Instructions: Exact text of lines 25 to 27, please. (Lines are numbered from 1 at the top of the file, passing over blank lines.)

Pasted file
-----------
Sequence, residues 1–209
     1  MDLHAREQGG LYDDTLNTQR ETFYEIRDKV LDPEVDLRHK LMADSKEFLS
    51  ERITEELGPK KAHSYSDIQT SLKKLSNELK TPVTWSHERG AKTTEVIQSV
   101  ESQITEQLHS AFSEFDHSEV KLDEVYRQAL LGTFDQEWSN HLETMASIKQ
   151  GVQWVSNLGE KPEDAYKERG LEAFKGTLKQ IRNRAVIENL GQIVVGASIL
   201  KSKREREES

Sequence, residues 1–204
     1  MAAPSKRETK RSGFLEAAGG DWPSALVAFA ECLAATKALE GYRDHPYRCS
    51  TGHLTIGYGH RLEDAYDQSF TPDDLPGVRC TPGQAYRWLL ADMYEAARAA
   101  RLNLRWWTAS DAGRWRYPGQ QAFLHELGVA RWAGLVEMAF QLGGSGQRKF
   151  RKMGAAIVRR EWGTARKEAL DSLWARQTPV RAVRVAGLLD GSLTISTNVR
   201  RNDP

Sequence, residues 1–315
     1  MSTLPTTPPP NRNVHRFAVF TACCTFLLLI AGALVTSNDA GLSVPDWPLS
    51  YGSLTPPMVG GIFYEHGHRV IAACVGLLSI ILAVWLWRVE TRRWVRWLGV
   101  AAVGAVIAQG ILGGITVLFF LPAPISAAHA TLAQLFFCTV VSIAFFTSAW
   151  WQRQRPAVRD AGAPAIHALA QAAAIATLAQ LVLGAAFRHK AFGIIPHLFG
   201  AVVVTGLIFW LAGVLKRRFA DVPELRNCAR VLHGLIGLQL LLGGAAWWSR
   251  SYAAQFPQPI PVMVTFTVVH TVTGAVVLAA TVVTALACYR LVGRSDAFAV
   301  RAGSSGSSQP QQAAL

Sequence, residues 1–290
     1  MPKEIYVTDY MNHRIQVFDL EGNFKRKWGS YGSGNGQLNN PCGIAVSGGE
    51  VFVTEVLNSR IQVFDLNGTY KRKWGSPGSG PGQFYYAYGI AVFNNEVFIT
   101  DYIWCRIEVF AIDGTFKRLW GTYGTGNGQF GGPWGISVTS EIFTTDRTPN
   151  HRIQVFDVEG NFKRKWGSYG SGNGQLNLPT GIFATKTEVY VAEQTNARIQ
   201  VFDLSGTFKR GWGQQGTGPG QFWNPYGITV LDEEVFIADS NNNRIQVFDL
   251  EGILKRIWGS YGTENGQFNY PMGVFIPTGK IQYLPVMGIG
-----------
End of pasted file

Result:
   151  HRIQVFDVEG NFKRKWGSYG SGNGQLNLPT GIFATKTEVY VAEQTNARIQ
   201  VFDLSGTFKR GWGQQGTGPG QFWNPYGITV LDEEVFIADS NNNRIQVFDL
   251  EGILKRIWGS YGTENGQFNY PMGVFIPTGK IQYLPVMGIG